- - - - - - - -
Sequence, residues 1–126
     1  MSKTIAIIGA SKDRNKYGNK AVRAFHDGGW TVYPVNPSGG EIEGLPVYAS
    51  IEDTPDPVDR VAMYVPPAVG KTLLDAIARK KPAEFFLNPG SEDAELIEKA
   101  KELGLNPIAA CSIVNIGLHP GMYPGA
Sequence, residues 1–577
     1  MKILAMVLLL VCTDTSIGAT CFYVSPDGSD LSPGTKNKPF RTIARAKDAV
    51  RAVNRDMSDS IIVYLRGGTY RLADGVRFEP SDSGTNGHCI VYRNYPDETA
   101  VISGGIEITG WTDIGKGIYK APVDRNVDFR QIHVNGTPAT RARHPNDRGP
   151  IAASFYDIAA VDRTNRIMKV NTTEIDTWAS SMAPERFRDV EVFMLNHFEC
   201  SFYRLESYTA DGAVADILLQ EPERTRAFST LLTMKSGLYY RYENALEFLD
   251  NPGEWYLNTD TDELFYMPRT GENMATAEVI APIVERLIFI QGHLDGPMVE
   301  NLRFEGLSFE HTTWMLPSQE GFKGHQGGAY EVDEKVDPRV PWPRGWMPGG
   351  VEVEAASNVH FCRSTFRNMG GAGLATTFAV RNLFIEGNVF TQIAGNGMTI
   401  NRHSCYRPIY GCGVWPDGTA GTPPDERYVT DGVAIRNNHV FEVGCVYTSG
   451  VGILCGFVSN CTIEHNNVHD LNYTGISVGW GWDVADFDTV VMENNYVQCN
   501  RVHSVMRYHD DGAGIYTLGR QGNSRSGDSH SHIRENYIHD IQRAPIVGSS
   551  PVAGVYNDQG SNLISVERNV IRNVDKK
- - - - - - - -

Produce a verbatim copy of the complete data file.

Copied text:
Sequence, residues 1–126
     1  MSKTIAIIGA SKDRNKYGNK AVRAFHDGGW TVYPVNPSGG EIEGLPVYAS
    51  IEDTPDPVDR VAMYVPPAVG KTLLDAIARK KPAEFFLNPG SEDAELIEKA
   101  KELGLNPIAA CSIVNIGLHP GMYPGA
Sequence, residues 1–577
     1  MKILAMVLLL VCTDTSIGAT CFYVSPDGSD LSPGTKNKPF RTIARAKDAV
    51  RAVNRDMSDS IIVYLRGGTY RLADGVRFEP SDSGTNGHCI VYRNYPDETA
   101  VISGGIEITG WTDIGKGIYK APVDRNVDFR QIHVNGTPAT RARHPNDRGP
   151  IAASFYDIAA VDRTNRIMKV NTTEIDTWAS SMAPERFRDV EVFMLNHFEC
   201  SFYRLESYTA DGAVADILLQ EPERTRAFST LLTMKSGLYY RYENALEFLD
   251  NPGEWYLNTD TDELFYMPRT GENMATAEVI APIVERLIFI QGHLDGPMVE
   301  NLRFEGLSFE HTTWMLPSQE GFKGHQGGAY EVDEKVDPRV PWPRGWMPGG
   351  VEVEAASNVH FCRSTFRNMG GAGLATTFAV RNLFIEGNVF TQIAGNGMTI
   401  NRHSCYRPIY GCGVWPDGTA GTPPDERYVT DGVAIRNNHV FEVGCVYTSG
   451  VGILCGFVSN CTIEHNNVHD LNYTGISVGW GWDVADFDTV VMENNYVQCN
   501  RVHSVMRYHD DGAGIYTLGR QGNSRSGDSH SHIRENYIHD IQRAPIVGSS
   551  PVAGVYNDQG SNLISVERNV IRNVDKK